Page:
Ambient temperature


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How important is ambient temperature in the kitchen/bakery? If it is important, what is the ideal temperature?


Temperature is everything because baking is a chemical reaction of all the ingredients to time and temperature.

Your kitchen temperature is going to fluctuate. There’s no way to keep the constant constant. In the morning the kitchen will be much colder than the afternoon when the oven has been on for hours.


I’ve mentioned in others threads that you commented on the importance of Desired Dough Temperature (DDT). It doesn't matter what the ambient temperature is when mixing your dough/batter; your finished dough temperature will be determined by your liquid temperature based on the calculations using DDT.

Most bread doughs are mixed to 75°F (23°C – 24°C). Batters 68°F (20°C).

But to control fermentation and proofing, you have to control the ambient temperature and humidity. For home bakers this is a challenge since there aren’t many proof boxes for home use available.

If your kitchen is above 80°F (26°C) fermentation/proofing will be a problem.
 
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That explains it then. My finished dough temp was correct but the ambient kitchen temp I know was in the mid 30s c and fluctuating.
 
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That explains it then. My finished dough temp was correct but the ambient kitchen temp I know was in the mid 30s c and fluctuating.
A proofing box is a controlled environment of both temperature and humidity. With time, temperature and humidity you can control the development of yeast in the formula that is developed to produce optimal rise, flavor, and texture with specific protein content, sugar content, type of yeast and content, type of liquid, and content mixed to specific finished dough temperature.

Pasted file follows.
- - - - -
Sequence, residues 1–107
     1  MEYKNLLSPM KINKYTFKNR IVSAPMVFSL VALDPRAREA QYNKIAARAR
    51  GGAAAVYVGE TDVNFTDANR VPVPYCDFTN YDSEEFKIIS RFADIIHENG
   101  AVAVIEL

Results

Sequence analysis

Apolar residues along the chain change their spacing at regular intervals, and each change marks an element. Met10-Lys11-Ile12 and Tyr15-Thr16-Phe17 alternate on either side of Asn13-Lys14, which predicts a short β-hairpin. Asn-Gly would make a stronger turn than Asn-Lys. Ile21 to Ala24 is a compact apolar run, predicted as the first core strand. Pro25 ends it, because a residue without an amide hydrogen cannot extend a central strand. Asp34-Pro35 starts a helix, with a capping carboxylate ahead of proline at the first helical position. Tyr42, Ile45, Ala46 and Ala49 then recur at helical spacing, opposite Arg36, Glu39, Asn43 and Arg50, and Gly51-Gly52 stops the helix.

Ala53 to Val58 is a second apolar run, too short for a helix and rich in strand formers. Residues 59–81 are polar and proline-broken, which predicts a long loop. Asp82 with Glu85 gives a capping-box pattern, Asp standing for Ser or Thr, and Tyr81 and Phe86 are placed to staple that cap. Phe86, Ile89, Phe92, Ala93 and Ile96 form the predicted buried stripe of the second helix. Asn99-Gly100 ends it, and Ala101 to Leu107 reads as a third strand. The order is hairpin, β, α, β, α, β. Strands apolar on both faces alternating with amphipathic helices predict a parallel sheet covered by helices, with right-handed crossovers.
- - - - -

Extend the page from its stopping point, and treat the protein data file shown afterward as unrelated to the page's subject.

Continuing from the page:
But when left to ferment and proof in an open kitchen where there are no controls over ambient temperature and humidity, all the carefully laid plans can be for naught.
 
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The ambient temperature in the kitchen or bakery is incredibly important! Temperature plays a crucial role not only in ensuring that food is safely prepared, but also it can affect product quality and consistency.

The ideal temperature for food preparation areas should be between 68°F and 75°F (20°C to 24°C). If the temperature rises higher than this range, you risk humidity and moisture levels becoming too high which is bad news for any baked goods. High temperatures can create an environment where food-borne illnesses thrive as well, so anything hotter than 70–75 degrees Fahrenheit (21–24 Celsius) should be avoided.

Additionally, depending on the type of kitchen equipment present – such as air ovens or convection ovens – room temperature impacts how your dough will rise during baking. Dough prefers cooler temperatures since hot temperatures encourage a rapid rise followed by a collapse in texture once it cools back down. For example, if your kitchen tends to get too warm during summer months make sure to use less yeast when preparing bread dough so that it'll take much longer to expand and won't bake up quickly due to external heat sources.